WELCOME! Here is my not-terribly-eloquent attempt to grow closer to God via... blogging. Unfortunately for you, I'm not sure what that means either. I guess we'll find out!

I'm 30 years old, married to an IT Guy and a stay-at-home-mom to two spectacularly gorgeous children. While we attend Mass on Sunday mornings, I spend the entirety of the Eucharistic Prayer focused on making sure the baby uses her crayons on the bulletin, not the pew

You can read more about me at Mighty Maggie and more about my Catholic and not-so-Catholic background on the Official About Page. Thanks for visiting!

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09/13/2010

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Megan

I once had someone ask me outside a movie theater if I was Christian. I said, "Yes. I'm Catholic" and she said, "Oh, that's not Christian!" It cracked me up.

I can't get my head around the idea of talking about religion with strangers, a la the movie theater girl. It would seem very odd to me. I am lucky in that I have a lot of friends from church...we have a moms group and my kids go to school there. But, my friends who I don't know from church...unless it comes up naturally I would have a hard time initiating a conversation about religion. I mean if they ask why my kids go to OLA or what I do on Thursdays (meet with the Catholic moms group) then we might talk about it but I can't imagine throwing a "what do you believe?" out there. It just seems judge-y and pushy. BUT then I think, I was not a practicing, confirmed Catholic until just 5 years ago, and until I was ready I would have found that question judge-y and pushy, but then at some point when the time was right I guess I didn't, and maybe you just have to keep throwing it out there in the hopes that one out of ten (a hundred?) are ready for it?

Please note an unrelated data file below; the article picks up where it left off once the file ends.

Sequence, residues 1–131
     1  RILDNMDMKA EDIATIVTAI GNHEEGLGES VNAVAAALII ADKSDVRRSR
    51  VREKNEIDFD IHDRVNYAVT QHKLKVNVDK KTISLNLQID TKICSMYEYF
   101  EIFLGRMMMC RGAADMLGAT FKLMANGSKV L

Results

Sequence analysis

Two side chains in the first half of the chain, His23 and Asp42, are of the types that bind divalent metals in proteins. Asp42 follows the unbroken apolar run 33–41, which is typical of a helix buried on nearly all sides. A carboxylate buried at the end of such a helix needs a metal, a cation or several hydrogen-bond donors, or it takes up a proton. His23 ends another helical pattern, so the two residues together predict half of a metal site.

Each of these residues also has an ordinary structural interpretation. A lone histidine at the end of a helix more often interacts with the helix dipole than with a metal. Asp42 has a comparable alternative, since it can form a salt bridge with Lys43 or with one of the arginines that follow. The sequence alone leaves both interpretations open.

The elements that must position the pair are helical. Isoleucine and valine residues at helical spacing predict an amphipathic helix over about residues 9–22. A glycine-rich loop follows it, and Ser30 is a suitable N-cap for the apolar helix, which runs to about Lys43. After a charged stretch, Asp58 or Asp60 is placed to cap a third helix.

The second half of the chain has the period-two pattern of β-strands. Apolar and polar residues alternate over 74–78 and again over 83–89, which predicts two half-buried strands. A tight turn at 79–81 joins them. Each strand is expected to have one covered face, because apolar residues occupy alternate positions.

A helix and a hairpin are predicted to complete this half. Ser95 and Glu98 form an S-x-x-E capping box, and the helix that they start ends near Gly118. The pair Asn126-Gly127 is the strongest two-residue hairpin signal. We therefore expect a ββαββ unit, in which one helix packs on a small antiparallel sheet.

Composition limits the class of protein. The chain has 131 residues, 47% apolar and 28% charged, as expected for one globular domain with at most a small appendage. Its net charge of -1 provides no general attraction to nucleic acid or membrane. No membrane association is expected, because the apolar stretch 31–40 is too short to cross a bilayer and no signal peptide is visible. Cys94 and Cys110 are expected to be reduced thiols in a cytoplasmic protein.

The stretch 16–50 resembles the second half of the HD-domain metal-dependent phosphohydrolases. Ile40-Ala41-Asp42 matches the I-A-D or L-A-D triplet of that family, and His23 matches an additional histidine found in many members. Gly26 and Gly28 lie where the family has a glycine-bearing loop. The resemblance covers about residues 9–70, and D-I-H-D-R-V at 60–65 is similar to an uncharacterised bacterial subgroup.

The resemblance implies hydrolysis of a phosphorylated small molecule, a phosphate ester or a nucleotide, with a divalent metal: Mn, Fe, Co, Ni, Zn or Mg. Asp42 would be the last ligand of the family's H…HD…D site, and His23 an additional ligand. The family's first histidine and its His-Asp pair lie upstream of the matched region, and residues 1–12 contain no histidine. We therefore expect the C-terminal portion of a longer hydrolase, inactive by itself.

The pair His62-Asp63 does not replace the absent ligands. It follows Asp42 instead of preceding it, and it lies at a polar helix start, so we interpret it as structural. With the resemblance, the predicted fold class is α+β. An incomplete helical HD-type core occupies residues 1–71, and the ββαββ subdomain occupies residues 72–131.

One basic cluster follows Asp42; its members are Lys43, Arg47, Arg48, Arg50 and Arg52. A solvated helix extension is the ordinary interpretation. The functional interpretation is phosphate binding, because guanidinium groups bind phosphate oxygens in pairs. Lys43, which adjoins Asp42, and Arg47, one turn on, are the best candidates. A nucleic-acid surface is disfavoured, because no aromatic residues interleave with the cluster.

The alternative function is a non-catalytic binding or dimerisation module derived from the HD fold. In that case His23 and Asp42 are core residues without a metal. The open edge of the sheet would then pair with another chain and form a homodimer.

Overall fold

I agree about the "seeing something in me, the way I live my life" kind of thing. I just saw a bumper sticker today that said "Preach the Gospel....Use Words When Necessary". Maybe living our faith is enough? Or at least a beginning anyway. It could be as simple as praying the rosary in public (at the park? I have not done this but I think I could!) Maybe getting friends together to do it while the kids play?

Tara

Oh. I'm not exactly sure how to respond to this other than it makes me feel ill just thinking about approaching someone with a proposition or ANY sort of religious agenda (other than simply attempting to love them as Christ would). Partly because my personality shouts "No way!" and partly because I just don't really jive with that form of evangelism.

Growing up in an Evangelical Christian tradition it was ingrained in me to view Becoming a Christian with this sort of Divine Transaction where you pray The Sinner's Prayer and then once you've said that, you have "the golden ticket" to go to heaven when you die no matter how you live your life thereafter. So of course you are encouraged to share the Gospel with people and get them to say The Prayer so that they won't go to hell. I suppose I'm over simplifying, but not that much.

Maybe you've inferred that I don't exactly function under that specific operating system anymore... though I'm still a Christian. I feel like the way my life can have The Most Impact is by living differently. By loving other people, by my generosity, by my willingness to listen, by the choices I make, etc.

How's that for rambling? I am very much still trying to figure all this out myself...

lindsay

we went to christian youth centre where inevitably someone would get going about Mary, and creationism, but it never riled me up. It was clear to me these people were 'acting in love' and also my mom frequently talked to us about any religious conversations that might have happened while we were there.